In an attempt to transcend a life that often seems too much to bear, Celie begins writing letters directly to God. The letters, spanning 20 years, record a journey of self-discovery and empowerment guided by the light of a few strong women. She meets Shug Avery, her husband’s mistress and a jazz singer with a zest for life, and her stepson’s wife, Sophia, who challenges her to fight for independence. And though the many letters from Celie’s sister are hidden by her husband, Nettie’s unwavering support will prove to be the most breathtaking of all. buy “The Color Purple” on Amazon or listen on Audible

Nicola Yoon– “The Sun is also a Star” (2016) We all love a YA novel, and this is where you can get your fix. Fall in love with a story of two teenagers, from vastly different backgrounds, as they fall in love, just as their worlds are falling apart, as Natasha’s family faced deportation to Jamaica.  Buy this book on Amazon or listen on Audible

Toni Morrison– “Song of Solomon” (1977); Also read “Beloved” and “The Bluest Eyes” Milkman Dead was born shortly after a neighborhood eccentric hurled himself off a rooftop in a vain attempt at flight. For the rest of his life he, too, will be trying to fly. With this brilliantly imagined novel, Toni Morrison transfigures the coming-of-age story as audaciously as Saul Bellow or Gabriel García Márquez. As she follows Milkman from his rust belt city to the place of his family’s origins, Morrison introduces an entire cast of strivers and seeresses, liars and assassins, the inhabitants of a fully realized black world. Toni Morrison is also a winner of the Pulitzer Prize for Fiction (1988) for Beloved and  Nobel Prize for Literature (1993)Buy on Amazon or listen on Audible

Michelle Obama “The Light we Carry: Overcoming in Uncertain Times” (2022) Also see Becoming (2018)  There may be no tidy solutions or pithy answers to life’s big challenges, but Michelle Obama believes that we can all locate and lean on a set of tools to help us better navigate change and remain steady within flux. In The Light We Carry, she opens a frank and honest dialogue with listeners, considering the questions many of us wrestle with: How do we build enduring and honest relationships? How can we discover strength and community inside our differences? What tools do we use to address feelings of self-doubt or helplessness? What do we do when it all starts to feel like too much? Buy “The Light We Carry” on Amazon or listen on Audible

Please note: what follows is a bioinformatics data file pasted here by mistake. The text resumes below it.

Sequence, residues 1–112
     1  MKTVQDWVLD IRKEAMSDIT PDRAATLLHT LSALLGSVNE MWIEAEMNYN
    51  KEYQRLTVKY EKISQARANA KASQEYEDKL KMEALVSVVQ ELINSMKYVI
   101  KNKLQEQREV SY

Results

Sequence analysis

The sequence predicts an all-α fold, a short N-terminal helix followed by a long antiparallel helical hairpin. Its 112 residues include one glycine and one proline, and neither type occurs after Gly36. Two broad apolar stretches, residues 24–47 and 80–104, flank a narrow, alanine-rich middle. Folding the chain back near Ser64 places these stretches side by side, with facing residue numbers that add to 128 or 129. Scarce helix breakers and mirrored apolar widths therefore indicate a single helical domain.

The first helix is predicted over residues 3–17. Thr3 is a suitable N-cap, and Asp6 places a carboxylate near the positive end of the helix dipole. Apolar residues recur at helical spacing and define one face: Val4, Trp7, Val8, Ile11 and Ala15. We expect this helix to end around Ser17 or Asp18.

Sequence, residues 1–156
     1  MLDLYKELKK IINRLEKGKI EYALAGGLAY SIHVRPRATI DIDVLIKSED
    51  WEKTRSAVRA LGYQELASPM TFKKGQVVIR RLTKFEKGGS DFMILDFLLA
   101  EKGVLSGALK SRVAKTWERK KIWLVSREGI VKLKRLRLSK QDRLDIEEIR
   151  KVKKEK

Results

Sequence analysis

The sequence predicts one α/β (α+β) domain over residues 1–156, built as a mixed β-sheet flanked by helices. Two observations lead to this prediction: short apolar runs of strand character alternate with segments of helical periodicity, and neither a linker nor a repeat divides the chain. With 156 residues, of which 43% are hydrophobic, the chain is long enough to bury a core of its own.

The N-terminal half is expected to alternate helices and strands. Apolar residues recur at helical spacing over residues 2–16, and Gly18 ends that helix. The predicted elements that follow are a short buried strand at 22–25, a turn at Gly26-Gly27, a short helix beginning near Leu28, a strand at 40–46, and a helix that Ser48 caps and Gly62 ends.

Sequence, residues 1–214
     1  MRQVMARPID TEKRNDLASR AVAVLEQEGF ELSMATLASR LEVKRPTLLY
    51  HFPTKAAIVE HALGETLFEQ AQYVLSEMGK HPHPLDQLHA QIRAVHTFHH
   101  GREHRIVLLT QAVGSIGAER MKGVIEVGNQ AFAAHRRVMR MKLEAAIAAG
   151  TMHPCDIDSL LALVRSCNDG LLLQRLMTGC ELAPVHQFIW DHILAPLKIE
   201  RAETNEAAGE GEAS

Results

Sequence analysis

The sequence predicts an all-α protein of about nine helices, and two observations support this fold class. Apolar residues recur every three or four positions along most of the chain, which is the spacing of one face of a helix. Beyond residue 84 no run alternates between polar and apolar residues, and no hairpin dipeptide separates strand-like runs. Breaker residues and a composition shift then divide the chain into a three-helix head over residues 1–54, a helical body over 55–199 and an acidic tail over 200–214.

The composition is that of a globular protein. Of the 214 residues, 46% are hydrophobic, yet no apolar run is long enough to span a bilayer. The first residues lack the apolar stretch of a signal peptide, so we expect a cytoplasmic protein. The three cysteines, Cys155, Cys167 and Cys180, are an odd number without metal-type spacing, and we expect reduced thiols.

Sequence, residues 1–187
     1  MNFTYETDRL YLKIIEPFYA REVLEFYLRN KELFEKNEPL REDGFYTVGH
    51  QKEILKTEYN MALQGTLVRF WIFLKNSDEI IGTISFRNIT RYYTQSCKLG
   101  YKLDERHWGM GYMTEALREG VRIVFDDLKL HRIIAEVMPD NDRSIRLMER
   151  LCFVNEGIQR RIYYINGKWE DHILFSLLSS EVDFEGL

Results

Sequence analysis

Fat Tuesday. Shrove Tuesday. Carnivale. Mardi Gras. Pancake Day.

By: Heather Easterday

Madi Gras

The day goes by many names relative to the culture or country it is celebrated within, but they all refer to the day before Ash Wednesday, the beginning of Lent. Lent is the 40 days of fasting practiced by Christians, Catholics, and Orthodox Christians, leading up to Easter Sunday. Generally speaking, the Tuesday before Ash Wednesday is a day for people to have a last taste of decadent foods, alcohol, and imbibe in extravagant parties and celebrations. Fasting for 40 days can mean different things to each person, but the day before is recognized as a feast day and celebrated with parties, parades, masks, dancing, and of course, all the food and drink 

In the UK, the day is referred to as Shrove Tuesday or Pancake Tuesday.  The day is traditionally meant for Anglo Saxon Christians to Confess their sins, or to be “shriven” of their sins. The day is also used as the last day to use up the items that are forbidden during Lent. Eggs and Fats are primarily on the fast list, and pancakes were the perfect way to use up those ingredients.